Need it.

Need it.


Showbiz life is harsh. The Money Gods are impatient, and the rivalry is intense. What makes all the long nights of work and the kissing up worthwhile is the Hollywood Lifestyle, because thatÕs the drug the successful ones crave.

Believe me, I’ve been there, I know. Wives, kids, love, loyalty…those things don’t mean a thing next to getting that great showrunner job.

So, to all of you who keep asking me, “Do I have to live in L.A.?” I say the real question should be:

“Why would you want it any other way?”

If you’re reading this, you probably already know who Larry Brody is. If you need to know more, a good place to start would be HERE. Or HERE. This post is an adaptation of an article on one of TVWriter™’s very own Writers’ Bulletins Resource Pages, which are laid out for all to see, free of charge and/or obligation, HERE.

Seeya in L.A.!

Why I Live in Port Townsend, WA

LB’S NOTE: People keep asking why Gwen the Beautiful and I moved all the way up to the Northwestern Tip of the United States after so many years in L.A. Mainly, it’s because both of the following articles are true:

Full of Wander: Small-town bliss in Port Townsend
by Clara Yardley

You and I both know that city life can be tiring. Whether you were raised in a big city or are a small-town transplant who came to Seattle for college, we all get annoyed with certain aspects of city life: incessant traffic, tiny but outrageously priced apartments, the lack of familiar faces in the grocery store.

For me, the light pollution in cities is another downfall. Even on the rare, clear days, you can’t really see the stars in Seattle.

One thing that I do really appreciate about Seattle, however, is how it is relatively easy to get out of the city. Sure, you have urban sprawl for about an hour toward the north, south, and east, but west of Seattle is an entirely different story. You can hop on a ferry and within two hours be in the type of small town where you can’t avoid seeing familiar faces at the grocery store.

Port Townsend is just a couple of hours northwest of Seattle, has all the charms of a small town, and is surrounded by amazing scenery and recreation.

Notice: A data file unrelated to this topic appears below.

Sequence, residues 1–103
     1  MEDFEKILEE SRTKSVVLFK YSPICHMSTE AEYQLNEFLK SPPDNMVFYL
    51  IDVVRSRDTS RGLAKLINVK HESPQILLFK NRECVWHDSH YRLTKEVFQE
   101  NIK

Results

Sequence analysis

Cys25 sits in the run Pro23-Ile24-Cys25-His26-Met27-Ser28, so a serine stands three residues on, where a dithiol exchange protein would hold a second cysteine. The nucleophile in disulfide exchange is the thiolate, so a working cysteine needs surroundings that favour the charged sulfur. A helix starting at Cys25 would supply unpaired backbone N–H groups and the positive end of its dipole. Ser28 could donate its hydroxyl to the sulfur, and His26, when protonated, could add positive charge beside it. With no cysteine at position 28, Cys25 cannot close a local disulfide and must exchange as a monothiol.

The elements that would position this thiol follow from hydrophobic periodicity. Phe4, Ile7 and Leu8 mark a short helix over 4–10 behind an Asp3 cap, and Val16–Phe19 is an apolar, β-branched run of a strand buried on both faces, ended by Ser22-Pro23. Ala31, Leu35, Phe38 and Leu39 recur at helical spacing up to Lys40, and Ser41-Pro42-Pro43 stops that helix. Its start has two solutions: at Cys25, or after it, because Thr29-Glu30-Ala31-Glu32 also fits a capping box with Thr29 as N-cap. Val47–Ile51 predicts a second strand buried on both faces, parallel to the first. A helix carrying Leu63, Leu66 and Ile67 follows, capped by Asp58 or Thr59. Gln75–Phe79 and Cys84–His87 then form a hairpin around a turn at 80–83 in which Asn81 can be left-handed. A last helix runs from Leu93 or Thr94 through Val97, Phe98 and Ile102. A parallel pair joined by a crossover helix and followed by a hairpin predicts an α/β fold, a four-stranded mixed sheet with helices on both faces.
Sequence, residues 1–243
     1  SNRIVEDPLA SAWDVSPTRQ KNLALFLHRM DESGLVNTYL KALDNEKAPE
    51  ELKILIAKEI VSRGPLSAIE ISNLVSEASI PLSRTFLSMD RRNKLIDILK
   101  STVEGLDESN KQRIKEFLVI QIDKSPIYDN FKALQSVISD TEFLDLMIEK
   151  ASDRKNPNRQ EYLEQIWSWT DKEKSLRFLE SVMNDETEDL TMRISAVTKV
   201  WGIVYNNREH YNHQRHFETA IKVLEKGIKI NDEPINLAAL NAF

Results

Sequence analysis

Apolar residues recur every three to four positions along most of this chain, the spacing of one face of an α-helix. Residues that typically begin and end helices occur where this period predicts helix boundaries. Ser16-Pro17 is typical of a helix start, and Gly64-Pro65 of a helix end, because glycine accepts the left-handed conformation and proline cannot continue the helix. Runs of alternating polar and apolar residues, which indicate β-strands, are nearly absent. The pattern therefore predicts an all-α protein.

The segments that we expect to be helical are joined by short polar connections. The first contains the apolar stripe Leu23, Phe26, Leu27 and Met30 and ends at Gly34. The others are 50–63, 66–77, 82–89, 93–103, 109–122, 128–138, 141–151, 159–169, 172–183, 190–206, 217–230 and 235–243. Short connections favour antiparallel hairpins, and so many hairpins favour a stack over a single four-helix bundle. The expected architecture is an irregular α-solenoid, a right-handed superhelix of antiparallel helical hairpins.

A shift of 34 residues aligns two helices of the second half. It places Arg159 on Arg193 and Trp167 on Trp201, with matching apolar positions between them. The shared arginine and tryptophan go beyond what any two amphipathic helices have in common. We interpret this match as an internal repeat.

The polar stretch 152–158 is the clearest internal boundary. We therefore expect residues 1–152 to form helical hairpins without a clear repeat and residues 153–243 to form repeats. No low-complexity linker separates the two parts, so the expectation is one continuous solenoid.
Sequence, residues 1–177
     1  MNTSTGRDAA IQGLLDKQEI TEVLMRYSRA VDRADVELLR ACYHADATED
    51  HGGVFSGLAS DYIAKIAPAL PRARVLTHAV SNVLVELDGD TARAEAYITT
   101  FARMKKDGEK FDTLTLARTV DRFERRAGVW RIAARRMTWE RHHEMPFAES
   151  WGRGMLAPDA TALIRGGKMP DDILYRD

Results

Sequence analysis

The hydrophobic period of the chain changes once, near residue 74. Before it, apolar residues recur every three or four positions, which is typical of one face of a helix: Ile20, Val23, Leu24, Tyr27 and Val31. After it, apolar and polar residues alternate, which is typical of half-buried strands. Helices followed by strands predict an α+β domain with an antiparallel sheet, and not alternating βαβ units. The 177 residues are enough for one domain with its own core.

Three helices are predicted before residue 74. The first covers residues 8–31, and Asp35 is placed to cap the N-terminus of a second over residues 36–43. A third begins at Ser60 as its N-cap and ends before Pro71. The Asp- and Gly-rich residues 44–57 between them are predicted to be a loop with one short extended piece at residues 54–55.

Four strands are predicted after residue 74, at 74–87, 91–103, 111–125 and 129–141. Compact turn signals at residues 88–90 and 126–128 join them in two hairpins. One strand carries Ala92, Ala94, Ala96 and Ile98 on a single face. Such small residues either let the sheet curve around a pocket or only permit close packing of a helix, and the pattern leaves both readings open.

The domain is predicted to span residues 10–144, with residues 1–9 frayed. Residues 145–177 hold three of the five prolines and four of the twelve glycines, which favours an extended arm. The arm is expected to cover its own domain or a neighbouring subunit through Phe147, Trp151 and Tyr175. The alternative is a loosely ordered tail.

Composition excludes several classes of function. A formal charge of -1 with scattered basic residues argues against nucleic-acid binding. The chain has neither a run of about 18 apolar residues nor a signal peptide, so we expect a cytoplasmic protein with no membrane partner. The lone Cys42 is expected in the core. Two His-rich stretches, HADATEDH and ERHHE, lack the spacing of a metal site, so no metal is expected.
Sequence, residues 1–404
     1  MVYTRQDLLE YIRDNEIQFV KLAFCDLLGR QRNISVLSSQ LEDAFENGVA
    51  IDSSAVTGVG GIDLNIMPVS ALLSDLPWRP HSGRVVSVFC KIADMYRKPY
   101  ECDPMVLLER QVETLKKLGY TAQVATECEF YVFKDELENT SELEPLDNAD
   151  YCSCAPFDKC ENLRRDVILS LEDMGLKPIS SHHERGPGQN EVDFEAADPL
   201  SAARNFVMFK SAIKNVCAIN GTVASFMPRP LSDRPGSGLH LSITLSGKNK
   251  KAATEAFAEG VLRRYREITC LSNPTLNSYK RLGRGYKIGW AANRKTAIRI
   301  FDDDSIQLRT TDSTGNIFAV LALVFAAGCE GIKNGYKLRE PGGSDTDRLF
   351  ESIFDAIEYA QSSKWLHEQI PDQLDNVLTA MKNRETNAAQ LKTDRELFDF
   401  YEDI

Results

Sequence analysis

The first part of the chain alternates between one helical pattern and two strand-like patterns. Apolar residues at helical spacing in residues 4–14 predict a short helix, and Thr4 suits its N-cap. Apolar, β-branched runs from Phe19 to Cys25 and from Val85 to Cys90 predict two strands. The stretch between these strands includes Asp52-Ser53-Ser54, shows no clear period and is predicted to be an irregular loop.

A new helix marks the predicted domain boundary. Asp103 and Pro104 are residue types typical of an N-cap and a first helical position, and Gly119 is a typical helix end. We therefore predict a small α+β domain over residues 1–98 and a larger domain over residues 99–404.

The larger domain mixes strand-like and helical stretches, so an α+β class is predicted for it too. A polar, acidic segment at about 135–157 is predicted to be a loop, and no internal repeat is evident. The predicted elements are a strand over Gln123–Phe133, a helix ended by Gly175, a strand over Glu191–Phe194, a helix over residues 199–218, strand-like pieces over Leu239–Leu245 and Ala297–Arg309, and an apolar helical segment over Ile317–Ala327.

There are a couple of ways to get to Port Townsend from Seattle. All of them require a car, so rope in a friend who can double as a chauffeur. You can take one of two routes: the Edmonds to Kingston ferry or the Seattle to Bainbridge Ferry. They have comparable amounts of car time, and are priced the same — $12.05 for a car and driver and $8.50 for each additional adult — so base your decision off northbound (Edmonds) or southbound (Seattle) traffic reports. As per any day trip, try to get an early start.

If you get into town in time for a late breakfast — or lunch or maybe even dinner, for that matter —  check out Better Living through Coffee. Yes, it’s really called that; and yes, coffee really can lead to a better life. This place is amazing. Some other great food options are Khu Larb Thai and Howell’s Sandwich Co….

Read it all at DAILYUW.COM

And here’s another perspective:

Port Townsend ‘Most Boring’ Town In Washington: Report
by Travis Loose

PORT TOWNSEND, WA – Without offering much in the way of an explanation, last week identified Jefferson County’s Port Townsend as the “most boring town” in Washington State.

Reportedly using data on “the highest median ages, the fewest number of things to do, and the lowest population density,” editors selected the most boring towns in all 50 states. However, — a men’s lifestyle and entertainment publication — only offered basic statistics on Port Townsend to justify its assertion.

Noting Port Townsend’s population of 9,315 residents, suggested the city’s meager offering of only eight “entertainment spots” and 74 hotels and restaurants are what makes it such a lackluster place in the Pacific Northwest.

Conversely, the city of Port Townsend’s tourism website,, refers to the city as “one of the coolest small towns in America.”

“With its maritime heritage, artist spirit, and a touch of urban chic, Port Townsend is an easily accessible base camp to the Olympic Peninsula and beyond,” the website asserts. “Whether on land or sea; indoors or outdoors — Port Townsend has activities for every taste.”

Likewise, the website referenced a 2010 National Geographic blurb that called Port Townsend “one of the most sophisticated places west of Seattle,” thanks in large part to its “Victorian architecture, art galleries, and wine bars,” the author noted.

The variance in entirely subjective opinions has been nothing short of comical to Port Townsend Mayor Deborah Stinson, who on Wednesday called Patch to discuss the city’s latest claim to fame….

Read it all at PATCH.COM


Larry Brody: Live! From Paradise! #35 – “The True Meaning of ‘Paradise'”